Over the years I have always said that I try to use as much of the stone as possible when thinking of a design. Often that creature is in there already!
With this in mind (and while I have to admit that I did see an Owl in this piece in the very beginning), I am trying to explore a bit and break from that way of looking… so with this piece I began thinking of the muskox, another one of the big, beautiful creatures of the North. From an artist’s point of view, the size and shape — the horns — the overall look it has — are all quite interesting to work with.
When there are a number of muskoxen in a group, they sometimes stay so close together that it is hard to tell which body belongs to which head! I took that thought and had the muskox looking straight at you — but it also looks as if he is standing sideways with his head turned to the side. Viewed from the back he is made to appear as if he were looking straight ahead. I left the horns large add to the abstracted form. Because they all look the same this one wanted to stand out from the crowd, so he had the nose ring added to make him different from the others and stand out!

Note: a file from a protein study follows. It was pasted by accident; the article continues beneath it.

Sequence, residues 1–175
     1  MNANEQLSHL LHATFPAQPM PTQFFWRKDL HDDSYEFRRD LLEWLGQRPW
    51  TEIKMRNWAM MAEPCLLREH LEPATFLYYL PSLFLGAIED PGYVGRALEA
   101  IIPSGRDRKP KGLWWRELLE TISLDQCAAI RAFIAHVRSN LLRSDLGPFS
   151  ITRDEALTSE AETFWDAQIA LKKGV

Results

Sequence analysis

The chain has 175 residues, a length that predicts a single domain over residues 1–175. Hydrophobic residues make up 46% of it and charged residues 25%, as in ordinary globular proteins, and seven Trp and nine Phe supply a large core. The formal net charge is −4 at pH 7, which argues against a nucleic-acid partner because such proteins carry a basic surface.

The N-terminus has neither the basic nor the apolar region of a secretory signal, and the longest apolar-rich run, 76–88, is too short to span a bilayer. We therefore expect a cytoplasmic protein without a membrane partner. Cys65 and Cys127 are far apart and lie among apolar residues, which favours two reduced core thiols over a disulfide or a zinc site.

Massie’s work is a reflection of his mixed Inuit, Métis and Scottish heritage. In it, he investigates both traditional and contemporary themes. He has achieved renown for his innovative teapots that combine themes and symbols from his native Inuit culture with European traditions. Massie has been twice short-listed for the coveted Prix Saidye Bronfman and has an extensive international reputation. His work has been shown in North America and Europe, including the National Gallery of Canada. He was elected a member of Royal Canadian Academy of Arts in 2011.
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